Just over 50 years ago a Nepali Brahman and his family walked across the border from India up into the hills – to return to the house and land they had abandoned a decade before because of a smallpox epidemic.
While in India, Buddhi Sagar had met an evangelist by the name of David Mukhia, himself a Nepali, and had come to Christ through his witness. David Mukhia later joined Buddhi Sagar and a small fellowship was begun. From such humble beginnings, today’s church in Nepal has grown in an astonishing way.
Missionaries from India and a host of other countries entered Nepal and have demonstrated the compassion of Christ to the sick and suffering through medical and educational services.
Others have come as tourists and students and set up evangelistic, training and literature ministries. The spread of the gospel has been largely through the witness of simple Nepali believers.
Church growth has been patchy. Some ethnic groups, such as the Tamang, have responded remarkably, whereas others have seen less than a handful trusting Christ.
In most churches in Nepal there is little understanding of Scripture or doctrine, so it is not uncommon to hear Evangelicals talk about salvation in terms of good works that need to be done, even while condemning Catholics for compromising the faith!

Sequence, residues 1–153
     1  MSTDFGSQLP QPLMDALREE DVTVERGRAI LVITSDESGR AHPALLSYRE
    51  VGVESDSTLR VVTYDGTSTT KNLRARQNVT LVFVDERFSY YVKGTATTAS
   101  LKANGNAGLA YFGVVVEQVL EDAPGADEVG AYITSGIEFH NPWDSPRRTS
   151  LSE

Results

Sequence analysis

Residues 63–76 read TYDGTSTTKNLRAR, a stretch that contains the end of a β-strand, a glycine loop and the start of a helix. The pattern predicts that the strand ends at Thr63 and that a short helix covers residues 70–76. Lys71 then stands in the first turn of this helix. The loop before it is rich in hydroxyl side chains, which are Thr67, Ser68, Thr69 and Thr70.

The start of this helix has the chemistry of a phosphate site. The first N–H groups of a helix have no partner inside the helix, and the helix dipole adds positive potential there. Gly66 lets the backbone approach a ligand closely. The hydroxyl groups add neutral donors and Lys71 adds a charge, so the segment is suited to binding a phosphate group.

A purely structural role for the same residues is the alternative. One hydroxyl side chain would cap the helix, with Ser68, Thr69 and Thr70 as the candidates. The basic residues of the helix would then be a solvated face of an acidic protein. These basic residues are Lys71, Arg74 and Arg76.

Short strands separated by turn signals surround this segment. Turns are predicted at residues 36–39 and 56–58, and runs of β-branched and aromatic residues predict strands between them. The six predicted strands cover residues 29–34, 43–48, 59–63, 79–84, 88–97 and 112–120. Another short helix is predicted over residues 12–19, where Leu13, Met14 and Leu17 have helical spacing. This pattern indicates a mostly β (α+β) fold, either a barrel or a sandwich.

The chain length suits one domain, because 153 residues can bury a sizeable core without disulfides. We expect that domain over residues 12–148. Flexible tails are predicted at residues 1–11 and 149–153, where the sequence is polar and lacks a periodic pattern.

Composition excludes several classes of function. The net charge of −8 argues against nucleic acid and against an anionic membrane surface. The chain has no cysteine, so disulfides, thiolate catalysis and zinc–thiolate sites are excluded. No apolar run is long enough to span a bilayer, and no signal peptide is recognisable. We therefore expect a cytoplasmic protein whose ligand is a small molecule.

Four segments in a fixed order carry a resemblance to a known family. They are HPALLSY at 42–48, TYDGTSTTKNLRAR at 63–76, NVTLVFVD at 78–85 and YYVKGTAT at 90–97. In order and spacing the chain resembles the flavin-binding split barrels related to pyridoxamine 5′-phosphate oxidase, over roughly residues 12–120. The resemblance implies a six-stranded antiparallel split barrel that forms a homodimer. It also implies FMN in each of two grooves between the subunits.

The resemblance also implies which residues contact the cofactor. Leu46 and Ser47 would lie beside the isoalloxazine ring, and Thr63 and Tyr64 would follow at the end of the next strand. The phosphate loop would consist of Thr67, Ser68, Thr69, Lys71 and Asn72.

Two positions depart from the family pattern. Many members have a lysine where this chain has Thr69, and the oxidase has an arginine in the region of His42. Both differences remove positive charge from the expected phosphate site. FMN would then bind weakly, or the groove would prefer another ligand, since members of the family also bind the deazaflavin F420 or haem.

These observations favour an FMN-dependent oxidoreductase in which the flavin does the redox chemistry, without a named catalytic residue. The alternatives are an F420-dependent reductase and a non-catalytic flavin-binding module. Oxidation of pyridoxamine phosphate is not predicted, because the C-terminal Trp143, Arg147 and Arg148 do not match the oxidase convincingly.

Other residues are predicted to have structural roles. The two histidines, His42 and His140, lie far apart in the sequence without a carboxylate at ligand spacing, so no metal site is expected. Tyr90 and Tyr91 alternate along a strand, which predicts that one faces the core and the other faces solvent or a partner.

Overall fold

There are many challenges facing the 21st century Nepali church. Bible translations are needed; preaching often -involves little more than berating fellow believers for not attending meetings; and there is a dearth of good Christian literature.
The church faces two other issues – the misuse of foreign funds by her leaders and a lack of engagement with the traditional cultures. Nepal is heavily influenced by Hinduism, and it is a challenge for believers to know how much they can participate in festivals and other family functions such as weddings, while remaining faithful to Christ.
There are also immense social and political problems facing the country. There is an intractable conflict between the state and the armed Maoist militias, with political parties, unsure of their role, grasping for power in ‘revolving-door governments’. As I write, the capital city is under curfew following riots that left two people dead.
There is still a great need for missionaries in Nepal. Anyone wanting to work here, though, must come with eyes wide open to the massive challenges they will face.
Nepal needs the mercy of God on her people; and for that we must pray.